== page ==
The Museum of Aviation in Warner Robins is now purchasing renewable energy for 100 percent of its power.
Flint Energies began supplying the entire museum with renewable energy May 1, according to a news release from Flint.
Jimmy Autry, senior vice president at Flint, said the museum first purchased renewable energy for its Eagle Building in 2009.
At that point, Flint had limited resources and couldnt provide (energy) to the whole museum, Autry said.
Now Flint can provide renewable energy from Houston Countys landfill to the entire museum. Houston County sells methane gas from the landfill to Flint.
We generate electricity at the landfill, then Flint allocates the electricity to the museum as they purchase it, Autry said.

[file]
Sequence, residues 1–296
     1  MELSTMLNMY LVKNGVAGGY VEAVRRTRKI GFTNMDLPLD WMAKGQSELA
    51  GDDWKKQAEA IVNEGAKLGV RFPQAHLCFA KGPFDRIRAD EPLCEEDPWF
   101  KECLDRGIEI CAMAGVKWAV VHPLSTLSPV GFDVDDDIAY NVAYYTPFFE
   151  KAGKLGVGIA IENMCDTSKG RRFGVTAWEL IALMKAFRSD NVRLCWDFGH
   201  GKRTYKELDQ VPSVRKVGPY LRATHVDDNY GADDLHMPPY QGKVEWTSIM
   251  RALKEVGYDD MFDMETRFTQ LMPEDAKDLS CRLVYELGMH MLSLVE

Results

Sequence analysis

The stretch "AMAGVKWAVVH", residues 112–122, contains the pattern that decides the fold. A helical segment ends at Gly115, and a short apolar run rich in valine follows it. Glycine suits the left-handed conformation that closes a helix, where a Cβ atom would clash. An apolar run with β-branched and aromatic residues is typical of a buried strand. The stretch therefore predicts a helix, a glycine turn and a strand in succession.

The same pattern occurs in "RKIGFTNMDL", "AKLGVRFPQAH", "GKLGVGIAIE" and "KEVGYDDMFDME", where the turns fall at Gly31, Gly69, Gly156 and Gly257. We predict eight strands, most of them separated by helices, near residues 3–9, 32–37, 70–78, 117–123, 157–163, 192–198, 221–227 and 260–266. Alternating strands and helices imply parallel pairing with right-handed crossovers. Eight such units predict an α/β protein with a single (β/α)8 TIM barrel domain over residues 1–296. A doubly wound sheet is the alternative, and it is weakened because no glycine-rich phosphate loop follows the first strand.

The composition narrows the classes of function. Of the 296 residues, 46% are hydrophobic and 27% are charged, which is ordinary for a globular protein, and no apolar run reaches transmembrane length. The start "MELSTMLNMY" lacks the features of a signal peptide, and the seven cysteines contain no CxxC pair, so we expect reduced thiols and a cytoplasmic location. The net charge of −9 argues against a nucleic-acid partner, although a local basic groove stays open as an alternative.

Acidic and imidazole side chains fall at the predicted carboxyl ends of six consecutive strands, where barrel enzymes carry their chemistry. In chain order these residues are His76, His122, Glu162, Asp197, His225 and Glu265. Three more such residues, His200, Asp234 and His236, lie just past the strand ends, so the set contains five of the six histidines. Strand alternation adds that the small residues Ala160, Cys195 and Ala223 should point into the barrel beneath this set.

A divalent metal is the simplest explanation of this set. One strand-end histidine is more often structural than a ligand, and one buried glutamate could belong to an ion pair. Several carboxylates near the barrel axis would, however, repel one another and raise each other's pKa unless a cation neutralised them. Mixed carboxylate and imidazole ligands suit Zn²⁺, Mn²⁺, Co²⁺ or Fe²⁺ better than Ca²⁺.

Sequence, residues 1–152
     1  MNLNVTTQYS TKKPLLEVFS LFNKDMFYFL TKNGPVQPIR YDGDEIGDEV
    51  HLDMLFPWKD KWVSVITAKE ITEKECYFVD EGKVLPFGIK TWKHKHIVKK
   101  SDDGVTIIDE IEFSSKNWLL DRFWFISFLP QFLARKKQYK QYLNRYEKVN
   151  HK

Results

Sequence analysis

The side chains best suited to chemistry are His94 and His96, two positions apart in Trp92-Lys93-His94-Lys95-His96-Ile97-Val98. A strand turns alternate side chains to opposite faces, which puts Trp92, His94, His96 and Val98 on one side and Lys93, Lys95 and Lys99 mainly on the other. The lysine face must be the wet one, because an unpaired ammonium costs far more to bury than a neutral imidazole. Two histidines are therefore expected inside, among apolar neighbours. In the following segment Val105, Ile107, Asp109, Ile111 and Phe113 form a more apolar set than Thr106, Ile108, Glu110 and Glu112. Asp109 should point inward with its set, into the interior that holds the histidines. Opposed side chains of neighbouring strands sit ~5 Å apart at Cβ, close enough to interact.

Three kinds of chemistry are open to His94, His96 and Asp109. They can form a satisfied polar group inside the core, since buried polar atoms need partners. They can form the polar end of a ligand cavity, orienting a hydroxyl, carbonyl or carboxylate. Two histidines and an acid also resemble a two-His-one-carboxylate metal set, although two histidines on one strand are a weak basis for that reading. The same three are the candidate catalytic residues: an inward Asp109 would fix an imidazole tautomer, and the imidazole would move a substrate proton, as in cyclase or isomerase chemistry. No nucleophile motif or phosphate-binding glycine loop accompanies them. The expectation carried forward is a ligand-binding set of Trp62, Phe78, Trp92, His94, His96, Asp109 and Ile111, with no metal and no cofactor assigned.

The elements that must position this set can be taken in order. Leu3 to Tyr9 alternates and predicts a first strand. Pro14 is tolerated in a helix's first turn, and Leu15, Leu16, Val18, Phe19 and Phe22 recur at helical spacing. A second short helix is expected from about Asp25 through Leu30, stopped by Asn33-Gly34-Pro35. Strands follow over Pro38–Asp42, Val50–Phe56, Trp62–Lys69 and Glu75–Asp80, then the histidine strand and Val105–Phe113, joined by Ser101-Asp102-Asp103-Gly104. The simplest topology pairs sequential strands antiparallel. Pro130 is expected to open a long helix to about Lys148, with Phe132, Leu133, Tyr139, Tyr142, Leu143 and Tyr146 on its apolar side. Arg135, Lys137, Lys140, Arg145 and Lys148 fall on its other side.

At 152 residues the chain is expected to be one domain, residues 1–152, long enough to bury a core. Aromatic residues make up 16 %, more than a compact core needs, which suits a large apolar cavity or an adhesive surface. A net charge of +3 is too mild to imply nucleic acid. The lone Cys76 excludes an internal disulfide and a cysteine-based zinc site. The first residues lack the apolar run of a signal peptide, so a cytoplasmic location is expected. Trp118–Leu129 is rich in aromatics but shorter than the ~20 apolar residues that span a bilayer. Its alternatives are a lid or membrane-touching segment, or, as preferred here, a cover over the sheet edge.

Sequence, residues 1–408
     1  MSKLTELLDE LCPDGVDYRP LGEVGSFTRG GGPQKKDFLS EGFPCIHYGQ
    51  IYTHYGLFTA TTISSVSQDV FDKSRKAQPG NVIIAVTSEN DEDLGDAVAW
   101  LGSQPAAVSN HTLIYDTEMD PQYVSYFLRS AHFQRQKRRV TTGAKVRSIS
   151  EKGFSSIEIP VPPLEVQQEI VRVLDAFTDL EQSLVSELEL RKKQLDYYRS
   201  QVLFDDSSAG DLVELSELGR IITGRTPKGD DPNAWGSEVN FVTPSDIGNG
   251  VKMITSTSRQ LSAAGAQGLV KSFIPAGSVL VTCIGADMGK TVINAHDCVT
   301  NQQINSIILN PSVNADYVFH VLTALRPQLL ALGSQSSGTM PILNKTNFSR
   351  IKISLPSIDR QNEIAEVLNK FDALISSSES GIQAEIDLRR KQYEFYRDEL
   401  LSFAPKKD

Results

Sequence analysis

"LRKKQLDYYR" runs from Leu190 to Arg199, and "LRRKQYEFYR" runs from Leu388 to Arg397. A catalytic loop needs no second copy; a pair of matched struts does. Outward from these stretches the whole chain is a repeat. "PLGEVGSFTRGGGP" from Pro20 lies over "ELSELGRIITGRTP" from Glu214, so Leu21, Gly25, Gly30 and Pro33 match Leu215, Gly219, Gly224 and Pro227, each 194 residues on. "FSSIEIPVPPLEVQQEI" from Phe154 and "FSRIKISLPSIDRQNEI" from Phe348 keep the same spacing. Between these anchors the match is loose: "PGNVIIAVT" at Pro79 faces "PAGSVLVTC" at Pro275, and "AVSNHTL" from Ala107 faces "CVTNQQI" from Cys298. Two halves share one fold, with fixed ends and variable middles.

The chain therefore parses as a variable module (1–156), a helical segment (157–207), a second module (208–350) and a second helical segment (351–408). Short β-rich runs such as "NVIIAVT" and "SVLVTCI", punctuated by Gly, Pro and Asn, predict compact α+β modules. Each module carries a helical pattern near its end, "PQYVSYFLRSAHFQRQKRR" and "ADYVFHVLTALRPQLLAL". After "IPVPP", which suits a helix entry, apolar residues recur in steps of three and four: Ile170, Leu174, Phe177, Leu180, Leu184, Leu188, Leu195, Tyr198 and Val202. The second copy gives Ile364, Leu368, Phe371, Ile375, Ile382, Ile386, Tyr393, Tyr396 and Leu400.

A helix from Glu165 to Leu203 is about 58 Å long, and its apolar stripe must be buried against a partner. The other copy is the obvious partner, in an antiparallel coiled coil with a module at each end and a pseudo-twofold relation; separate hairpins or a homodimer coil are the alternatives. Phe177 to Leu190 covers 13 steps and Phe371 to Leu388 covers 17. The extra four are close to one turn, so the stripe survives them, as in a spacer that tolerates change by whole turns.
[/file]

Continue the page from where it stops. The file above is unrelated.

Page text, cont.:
Autry called it an accounting transaction. Rather than directing energy straight from the landfill to the museum, Flint creates energy from methane gas and sells that energy to the museum.
Autry said the museum buys about 2.4 million kilowatt-hours of energy from Flint per year at 9.5 cents per kwh.
Terry Landreth, of the 78th Civil Engineer Group Energy Office, said in an email from base spokesman David Donato that Robins will save more than $10,000 annually with the agreement.
The move comes at a time when Robins officials are turning up thermostats and cutting back maintenance to save money due to federal budget cuts known as sequestration. However, Donato said sequestration did not affect the decision to switch the museum to renewable energy.
According to the Flint release, the landfill gives the electric cooperative access to 3.2 megawatts of energy, enough to provide other businesses with renewable energy as well.
To contact writer Emily Farlow, call 744-4225.